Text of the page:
First Impressions of USA

Ok – so everybody wants to know how chaotic the security procedures were at the various airports after the recent Heathrow scare. Well, sorry to disappoint you – the queue’s were short, the staff were efficient, and everything happened on schedule. In fact, at JFK we took about 1/2 hour from landing to exiting the airport. The only problems we had were that my deodorant was confiscated when we boarded the aircraft!

You have to experience America to really understand it. Everything is bigger, better and faster! Everything you buy in the supermarkets is big – from packs of tea, to vegetables, and huge packets of laundry detergent. The variety and range of goods is staggering, from entire rows dedicated to crisps (OK – chips), tons of different teas, and of course Oranges from South Africa. This was in a small supermarket.

So far, I am amazed at the level of customer service. Everybody we encountered at JFK were friendly, they all greeted you and were all helpful. This included the huge security guard standing at the exit to our aircraft when we arrived.

The road we took from the airport to Wilmington (where I am currently typing this blog) is eight lanes (in each direction) – so sixteen lanes in total!

USA is a very patriotic country, many of the houses have USA flags hanging outside.

There is a lot of ‘bad’ things we often say about ‘The American Way’ and how they support each other almost to the exclusion of anybody else, but I think that perhaps us in South Africa can learn a thing of two from USA. Imagine the ‘South African Way’, and support for each other. Imagine a world-class level of customer service in South Africa. Imagine a country where you don’t have to keep everything kept behind barbed wire, electric fences and armed guards.

Anyway – enough thinking, I am off to explore Wilmington…


ps: I am writing this on a 5 Gig fibre optic Internet connection – at somebody’s home…

2 Responses to First Impressions of USA

  • Hey guys! Good to hear you are there, we are all REALLY jealous :) but in a good way only.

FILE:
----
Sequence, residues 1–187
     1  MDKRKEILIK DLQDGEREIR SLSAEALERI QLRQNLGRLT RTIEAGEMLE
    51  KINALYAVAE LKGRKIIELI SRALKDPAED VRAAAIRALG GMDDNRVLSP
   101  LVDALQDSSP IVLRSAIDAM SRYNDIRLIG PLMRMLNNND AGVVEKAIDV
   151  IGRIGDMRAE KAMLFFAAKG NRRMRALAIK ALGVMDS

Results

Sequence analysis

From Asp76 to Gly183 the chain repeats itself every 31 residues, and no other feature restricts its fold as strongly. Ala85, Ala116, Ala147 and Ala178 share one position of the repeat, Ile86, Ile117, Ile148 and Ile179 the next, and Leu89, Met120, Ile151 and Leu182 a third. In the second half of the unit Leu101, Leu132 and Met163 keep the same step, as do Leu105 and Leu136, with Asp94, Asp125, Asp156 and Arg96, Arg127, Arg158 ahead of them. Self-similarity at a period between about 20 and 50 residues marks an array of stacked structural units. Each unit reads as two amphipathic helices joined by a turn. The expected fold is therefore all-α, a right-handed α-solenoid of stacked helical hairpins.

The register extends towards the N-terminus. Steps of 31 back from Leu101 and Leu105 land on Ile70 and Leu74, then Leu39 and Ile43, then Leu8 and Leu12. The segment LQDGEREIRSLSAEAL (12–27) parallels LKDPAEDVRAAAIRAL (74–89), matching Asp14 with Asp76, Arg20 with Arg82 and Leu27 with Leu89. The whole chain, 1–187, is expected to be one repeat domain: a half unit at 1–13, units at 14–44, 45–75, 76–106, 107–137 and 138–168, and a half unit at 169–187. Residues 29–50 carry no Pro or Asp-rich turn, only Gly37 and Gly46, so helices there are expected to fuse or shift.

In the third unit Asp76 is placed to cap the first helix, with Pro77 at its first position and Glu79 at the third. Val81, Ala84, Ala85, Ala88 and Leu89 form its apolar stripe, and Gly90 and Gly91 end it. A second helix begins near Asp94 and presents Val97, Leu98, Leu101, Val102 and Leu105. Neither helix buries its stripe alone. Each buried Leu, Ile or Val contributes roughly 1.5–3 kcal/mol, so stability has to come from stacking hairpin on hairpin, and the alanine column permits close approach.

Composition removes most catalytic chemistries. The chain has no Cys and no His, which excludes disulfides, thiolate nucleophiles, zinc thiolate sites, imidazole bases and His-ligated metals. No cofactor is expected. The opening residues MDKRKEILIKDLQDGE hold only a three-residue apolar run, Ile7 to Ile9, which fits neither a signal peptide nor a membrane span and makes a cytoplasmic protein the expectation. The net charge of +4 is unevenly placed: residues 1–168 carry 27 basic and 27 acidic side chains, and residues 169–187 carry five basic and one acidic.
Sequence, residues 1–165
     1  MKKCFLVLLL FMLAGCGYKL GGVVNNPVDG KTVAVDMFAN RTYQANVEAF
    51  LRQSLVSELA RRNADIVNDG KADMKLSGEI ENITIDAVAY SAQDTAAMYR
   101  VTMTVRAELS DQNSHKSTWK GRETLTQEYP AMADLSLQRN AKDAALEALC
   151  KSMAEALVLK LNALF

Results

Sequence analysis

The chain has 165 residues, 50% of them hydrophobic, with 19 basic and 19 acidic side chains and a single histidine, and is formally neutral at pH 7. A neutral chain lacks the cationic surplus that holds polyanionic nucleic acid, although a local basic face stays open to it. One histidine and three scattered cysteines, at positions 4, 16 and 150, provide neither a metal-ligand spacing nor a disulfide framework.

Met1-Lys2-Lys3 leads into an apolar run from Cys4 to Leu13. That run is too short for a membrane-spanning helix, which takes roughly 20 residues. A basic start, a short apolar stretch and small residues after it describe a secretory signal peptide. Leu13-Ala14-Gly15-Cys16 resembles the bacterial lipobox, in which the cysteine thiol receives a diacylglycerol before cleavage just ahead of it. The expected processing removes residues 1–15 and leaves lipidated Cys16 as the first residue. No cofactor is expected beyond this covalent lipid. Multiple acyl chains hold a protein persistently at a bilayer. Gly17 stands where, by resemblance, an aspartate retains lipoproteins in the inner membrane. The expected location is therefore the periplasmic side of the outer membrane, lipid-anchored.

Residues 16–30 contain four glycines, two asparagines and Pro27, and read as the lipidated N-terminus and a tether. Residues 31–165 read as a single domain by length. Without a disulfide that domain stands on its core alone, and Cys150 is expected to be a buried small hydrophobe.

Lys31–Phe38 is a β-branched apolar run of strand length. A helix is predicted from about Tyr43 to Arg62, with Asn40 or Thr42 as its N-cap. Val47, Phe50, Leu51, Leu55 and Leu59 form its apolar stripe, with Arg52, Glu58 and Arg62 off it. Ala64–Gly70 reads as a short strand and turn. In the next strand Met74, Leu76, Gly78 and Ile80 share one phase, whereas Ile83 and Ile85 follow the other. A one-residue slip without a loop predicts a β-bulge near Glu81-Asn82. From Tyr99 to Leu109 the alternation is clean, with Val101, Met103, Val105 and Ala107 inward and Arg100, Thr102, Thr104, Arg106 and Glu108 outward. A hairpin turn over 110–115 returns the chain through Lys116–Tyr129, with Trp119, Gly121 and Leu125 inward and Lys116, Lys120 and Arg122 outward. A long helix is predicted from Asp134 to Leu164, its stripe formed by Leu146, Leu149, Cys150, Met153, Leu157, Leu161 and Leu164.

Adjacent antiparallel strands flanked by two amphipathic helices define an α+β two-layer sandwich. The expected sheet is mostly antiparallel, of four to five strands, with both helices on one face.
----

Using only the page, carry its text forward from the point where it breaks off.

I went to the Kenilworth centre yesterday and your post came to mind… I mean, it is quite a big shopping centre for us, it’s like the whole southern suburbs shop here, right? And its size must seem like an around-the-corner café to the civilised world.

    With regards to the flag outside the houses – hmmm… I have found statements of patriotism like that are usually related to some form of minority movement, right? What are they saying – “I support the war/go Bush”? But, I don’t know, ye know, just wondering. I mean, you won’t hang out the new SA flag, it’s kind of stating the obvious (the royal we all love the new South Africa), but you may see an old Transvaal flag or Oranje/Blanje/Blou still popping up every now and again, making a statement…Just trying to prod some debate here ;o) !!!

    That Internet connection, phew… I guess this trip might become just a little bit of a prod in the side of how much we are still in the dark ages over here. Stupid Telkom.

    Have tons of fun, remember to keep your FlickR account busy, hey?

  • Hi guys

    You sure sound as if you are having a ball (been reading the posts in reverse chronological order ;-)) And yes, isn’t the food over there crazy? It’s just so… available and the bad stuff is so easy to get. And it’s also true what you say – we always mock the Americans for being so overtly patriotic but maybe as a country we could learn something from that.

    Interesting what you say about the “support the war” etc stickers. When we were in El Paso last year, there were lots of stickers saying “support our troops” and a friend travelling with us was disgusted that they were such a militaristic society and that they were “obviously” pro-war. But you forget that places like El Paso have huge military bases and many people living in the city have husbands, wives, sons, daughters etc etc in Iraq and elsewhere, facing the possibility of beign killed in action every day. There is a huge difference between supporting the was and supporting the troops, not all of whom may agree with the war, but who have no choice but to go and fight for their country or lose their livelihood. It’s always easy to judge when you ignore the context…

    Keep the posts coming – great to share your experiences!

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